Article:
Asia report: Most markets rise as China trade data surprises
Most markets in Asia were in positive territory on Tuesday, as fresh export data from China for August surprised to the upside.
In Japan, the Nikkei 225 was up 0.86% at 29,916.14, as the yen weakened 0.06% against the dollar to last trade at JPY 109.93.
Uniqlo owner Fast Retailing was down 0.87%, while among the benchmark’s other major components, robotics specialist Fanuc rose 0.35% and technology giant SoftBank Group rocketed 9.86%.
SoftBank’s gains came as it announced that it would become the second-largest listed shareholder of Deutsche Telekom, by agreeing a share swap for its holding in T-Mobile US.
The broader Topix index was ahead 1.09% by the end of trading in Tokyo, closing at 2,063.38.
On the mainland, the Shanghai Composite was 1.51% higher at 3,676.59, and the smaller, technology-centric Shenzhen Composite advanced 1.11% to 2,490.64.
Exports from China leapt 25.6% year-on-year in August, according to data from the General Administration of Customs, which was well above the 17.1% predicted by analysts in a Reuters poll.
Imports were also ahead of forecasts, with growth picking up to 33.1% year-on-year in August from 28.1% in July, above the consensus for a slowdown to 26.9%.
“The evidence for a surge in trade was there in Korean figures, but we had shaded those bets due to the deterioration of the purchasing managers’ indices (PMIs), which can contain coincident information,” said Pantheon Macroeconomics chief Asia economist Freya Beamish.
“We assume firms were eager to shift goods ahead of any further restrictions as Delta cases were rising and spreading geographically.
“The partial closure of Ningbo-Zhoushan port seems to have had the effect of spurring on trade elsewhere in the country in an effort to get ahead of any further restrictions.”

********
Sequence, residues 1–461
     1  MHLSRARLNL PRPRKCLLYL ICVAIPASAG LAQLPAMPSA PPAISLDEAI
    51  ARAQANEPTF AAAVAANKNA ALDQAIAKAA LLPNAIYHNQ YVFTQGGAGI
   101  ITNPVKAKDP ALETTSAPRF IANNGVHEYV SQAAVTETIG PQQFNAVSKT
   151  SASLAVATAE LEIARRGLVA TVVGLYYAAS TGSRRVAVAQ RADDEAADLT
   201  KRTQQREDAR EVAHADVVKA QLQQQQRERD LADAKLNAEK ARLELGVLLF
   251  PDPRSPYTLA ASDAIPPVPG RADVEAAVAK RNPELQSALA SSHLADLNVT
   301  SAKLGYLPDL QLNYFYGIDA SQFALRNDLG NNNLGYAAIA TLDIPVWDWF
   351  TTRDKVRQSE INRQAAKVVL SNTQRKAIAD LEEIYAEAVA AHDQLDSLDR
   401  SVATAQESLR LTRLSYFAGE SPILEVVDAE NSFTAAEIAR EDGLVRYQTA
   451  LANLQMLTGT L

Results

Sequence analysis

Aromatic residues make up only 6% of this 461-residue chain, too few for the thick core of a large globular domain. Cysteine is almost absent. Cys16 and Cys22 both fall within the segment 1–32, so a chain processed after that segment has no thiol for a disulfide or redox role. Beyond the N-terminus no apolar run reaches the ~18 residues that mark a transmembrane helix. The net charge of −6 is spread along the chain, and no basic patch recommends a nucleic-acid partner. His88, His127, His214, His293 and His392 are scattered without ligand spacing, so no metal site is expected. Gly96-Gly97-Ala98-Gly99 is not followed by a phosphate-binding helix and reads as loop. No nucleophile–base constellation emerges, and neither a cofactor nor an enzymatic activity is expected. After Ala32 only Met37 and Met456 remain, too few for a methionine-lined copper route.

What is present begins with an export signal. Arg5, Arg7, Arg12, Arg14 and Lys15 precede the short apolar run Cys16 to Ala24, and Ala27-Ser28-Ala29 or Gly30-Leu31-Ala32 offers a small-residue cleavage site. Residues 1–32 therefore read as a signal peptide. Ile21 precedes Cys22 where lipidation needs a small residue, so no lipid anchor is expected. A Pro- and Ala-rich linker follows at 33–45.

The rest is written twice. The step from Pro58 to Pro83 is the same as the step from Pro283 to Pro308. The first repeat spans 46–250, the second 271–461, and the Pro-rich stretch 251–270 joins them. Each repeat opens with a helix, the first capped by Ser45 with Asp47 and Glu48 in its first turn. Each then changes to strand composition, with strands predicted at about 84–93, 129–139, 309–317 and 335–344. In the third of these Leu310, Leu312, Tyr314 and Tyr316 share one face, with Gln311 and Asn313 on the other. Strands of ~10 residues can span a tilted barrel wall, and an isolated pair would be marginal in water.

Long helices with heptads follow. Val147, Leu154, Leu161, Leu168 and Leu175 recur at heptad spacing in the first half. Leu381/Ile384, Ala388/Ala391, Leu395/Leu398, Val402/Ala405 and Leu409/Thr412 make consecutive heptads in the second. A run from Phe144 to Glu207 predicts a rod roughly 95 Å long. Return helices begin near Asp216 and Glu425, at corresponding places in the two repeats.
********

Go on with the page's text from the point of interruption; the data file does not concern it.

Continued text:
Beamish noted that when the virus retreated later in the month, the surge appeared to have died down, adding that Pantheon assumed the drop-off evidenced in the Korean data would continue in September.
“In short, Delta is both generating a temporary boost to demand, and creating a lot of noise.
“We continue to be worried about the reversion to pre-Covid trends if and when the vaccines win out against Delta.”
South Korea’s Kospi was the region’s odd one out, slipping 0.5% to 3,187.42, while the Hang Seng Index in Hong Kong rose 0.73% to 26,353.63.
Retail plays were among the winners in the special administrative region, after reports that the city would restart quarantine-free access to visitors from mainland China from 15 September.
Chow Sang Sang was up 5.35%, Giordano International added 6.49%, and Sa Sa International was 10.53% firmer.
The blue-chip technology stocks were on the back foot in Seoul, with Samsung Electronics down 1.55% and SK Hynix losing 1.42%.
Oil prices were higher as the region went to bed, with Brent crude last up 0.42% at $72.52 per barrel, and West Texas Intermediate rising 0.09% to $68.99.
In Australia, the S&P/ASX 200 eked out gains of 0.02% to 7,530.30, as the country’s central bank stood pat on interest rates in its latest decision.
The Reserve Bank of Australia kept the cash rate target at the current record low 0.1%, with governor Philip Lowe confirming bond-buying would continue at around AUD 4bn per week until at least February.
Across the Tasman Sea, New Zealand’s S&P/NZX 50 was 0.17% firmer at 13,321.99, with retail stocks in the green in Wellington as most of the country, excluding the largest city Auckland, exited full lockdown restrictions.
Briscoe Group was up 1.5%, Kathmandu added 4.3%, and The Warehouse Group advanced 1.6%, while casino operator SkyCity Entertainment was ahead 1.5%.
The down under dollars were weaker against the greenback, with the Aussie last off 0.41% at AUD 1.3496, and the Kiwi retreating 0.22% to NZD 1.4044.